The following cytokines can be grouped into a family on the basis of
sequence, functional, and structural similarities [1,2,3]:
Tumor Necrosis Factor (TNF) (also known as cachectin or TNF-α) [4,5]
is a cytokine which has a wide variety of functions. It can cause cytolysis
of certain tumor cell lines; it is involved in the induction of cachexia;
it is a potent pyrogen, causing fever by direct action or by stimulation of
interleukin-1 secretion; finally, it can stimulate cell proliferation
and induce cell differentiation under certain conditions.
Lymphotoxin-α (LT-α) and lymphotoxin-β (LT-β), two related
cytokines produced by lymphocytes and which are cytotoxic for a wide range
of tumor cells in vitro and in vivo .
T cell antigen gp39 (CD40L), a cytokine which seems to be important in B-
cell development and activation.
CD27L, a cytokine which plays a role in T-cell activation. It induces the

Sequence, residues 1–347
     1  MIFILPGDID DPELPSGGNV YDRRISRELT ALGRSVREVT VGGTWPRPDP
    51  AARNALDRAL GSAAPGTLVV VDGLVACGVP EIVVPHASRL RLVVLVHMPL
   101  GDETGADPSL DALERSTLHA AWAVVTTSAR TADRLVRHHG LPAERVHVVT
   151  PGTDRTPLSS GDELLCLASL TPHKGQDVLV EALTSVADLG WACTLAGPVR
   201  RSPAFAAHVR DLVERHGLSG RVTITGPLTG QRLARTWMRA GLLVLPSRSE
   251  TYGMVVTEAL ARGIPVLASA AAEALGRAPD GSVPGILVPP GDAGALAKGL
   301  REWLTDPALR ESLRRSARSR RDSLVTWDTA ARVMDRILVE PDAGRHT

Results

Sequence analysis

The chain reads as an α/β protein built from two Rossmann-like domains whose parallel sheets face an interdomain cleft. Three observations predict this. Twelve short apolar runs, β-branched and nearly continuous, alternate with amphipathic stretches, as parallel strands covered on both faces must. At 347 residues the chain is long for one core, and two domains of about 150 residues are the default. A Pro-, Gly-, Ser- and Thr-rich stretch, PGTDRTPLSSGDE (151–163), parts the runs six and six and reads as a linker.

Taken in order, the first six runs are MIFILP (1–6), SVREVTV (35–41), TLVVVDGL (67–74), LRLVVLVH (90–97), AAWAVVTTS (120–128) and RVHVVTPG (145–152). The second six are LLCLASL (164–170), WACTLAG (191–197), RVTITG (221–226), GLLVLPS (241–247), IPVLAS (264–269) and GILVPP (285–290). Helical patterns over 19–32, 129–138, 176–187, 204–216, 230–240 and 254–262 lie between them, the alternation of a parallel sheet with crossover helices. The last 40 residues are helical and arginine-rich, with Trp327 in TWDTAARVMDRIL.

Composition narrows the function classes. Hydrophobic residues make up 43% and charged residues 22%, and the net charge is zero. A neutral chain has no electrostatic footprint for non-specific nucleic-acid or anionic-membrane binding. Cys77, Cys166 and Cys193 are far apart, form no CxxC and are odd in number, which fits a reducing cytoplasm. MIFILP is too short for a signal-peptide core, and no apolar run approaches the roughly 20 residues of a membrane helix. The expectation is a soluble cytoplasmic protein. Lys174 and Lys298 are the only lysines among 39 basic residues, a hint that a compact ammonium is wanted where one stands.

proliferation of costimulated T cells and enhances the generation of
cytolytic T cells.
CD30L, a cytokine which induces proliferation of T cells.
4-1BBL, a inducible T cell surface molecule that contributes to T-cell
OX40L, a cytokine that co-stimulates T cell proliferation and cytokine
TNF-related apoptosis inducing ligand (TRAIL) , a cytokine that induces
TNF-α is synthesized as a type II membrane protein which then undergoes
post-translational cleavage liberating the extracellular domain. CD27L, CD30L,
CD40L, FASL, LT-β, 4-1BBL and TRAIL also appear to be type II membrane
proteins. LT-α is a secreted protein. All these cytokines seem to form
homotrimeric (or heterotrimeric in the case of LT-α/β) complexes that
are recognized by their specific receptors.
As a signature for this family of proteins, we have selected the most
conserved region. This region is located in a β-strand in the central
section of these proteins.
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